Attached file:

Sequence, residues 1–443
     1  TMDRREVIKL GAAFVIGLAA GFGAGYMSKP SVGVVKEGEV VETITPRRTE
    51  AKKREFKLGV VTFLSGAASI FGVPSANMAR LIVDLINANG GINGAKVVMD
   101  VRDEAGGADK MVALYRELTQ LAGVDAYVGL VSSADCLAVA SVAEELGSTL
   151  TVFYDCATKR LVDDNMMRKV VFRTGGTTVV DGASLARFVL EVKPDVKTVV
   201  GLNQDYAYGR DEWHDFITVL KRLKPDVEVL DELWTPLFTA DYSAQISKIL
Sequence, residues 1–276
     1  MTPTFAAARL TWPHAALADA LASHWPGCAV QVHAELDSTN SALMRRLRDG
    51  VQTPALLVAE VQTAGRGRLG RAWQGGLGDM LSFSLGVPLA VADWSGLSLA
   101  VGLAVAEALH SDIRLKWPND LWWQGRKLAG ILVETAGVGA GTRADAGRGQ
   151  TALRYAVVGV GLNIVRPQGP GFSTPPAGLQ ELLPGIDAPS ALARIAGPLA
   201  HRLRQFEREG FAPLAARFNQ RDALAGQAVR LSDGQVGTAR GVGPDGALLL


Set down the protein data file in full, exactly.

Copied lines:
Sequence, residues 1–443
     1  TMDRREVIKL GAAFVIGLAA GFGAGYMSKP SVGVVKEGEV VETITPRRTE
    51  AKKREFKLGV VTFLSGAASI FGVPSANMAR LIVDLINANG GINGAKVVMD
   101  VRDEAGGADK MVALYRELTQ LAGVDAYVGL VSSADCLAVA SVAEELGSTL
   151  TVFYDCATKR LVDDNMMRKV VFRTGGTTVV DGASLARFVL EVKPDVKTVV
   201  GLNQDYAYGR DEWHDFITVL KRLKPDVEVL DELWTPLFTA DYSAQISKIL
Sequence, residues 1–276
     1  MTPTFAAARL TWPHAALADA LASHWPGCAV QVHAELDSTN SALMRRLRDG
    51  VQTPALLVAE VQTAGRGRLG RAWQGGLGDM LSFSLGVPLA VADWSGLSLA
   101  VGLAVAEALH SDIRLKWPND LWWQGRKLAG ILVETAGVGA GTRADAGRGQ
   151  TALRYAVVGV GLNIVRPQGP GFSTPPAGLQ ELLPGIDAPS ALARIAGPLA
   201  HRLRQFEREG FAPLAARFNQ RDALAGQAVR LSDGQVGTAR GVGPDGALLL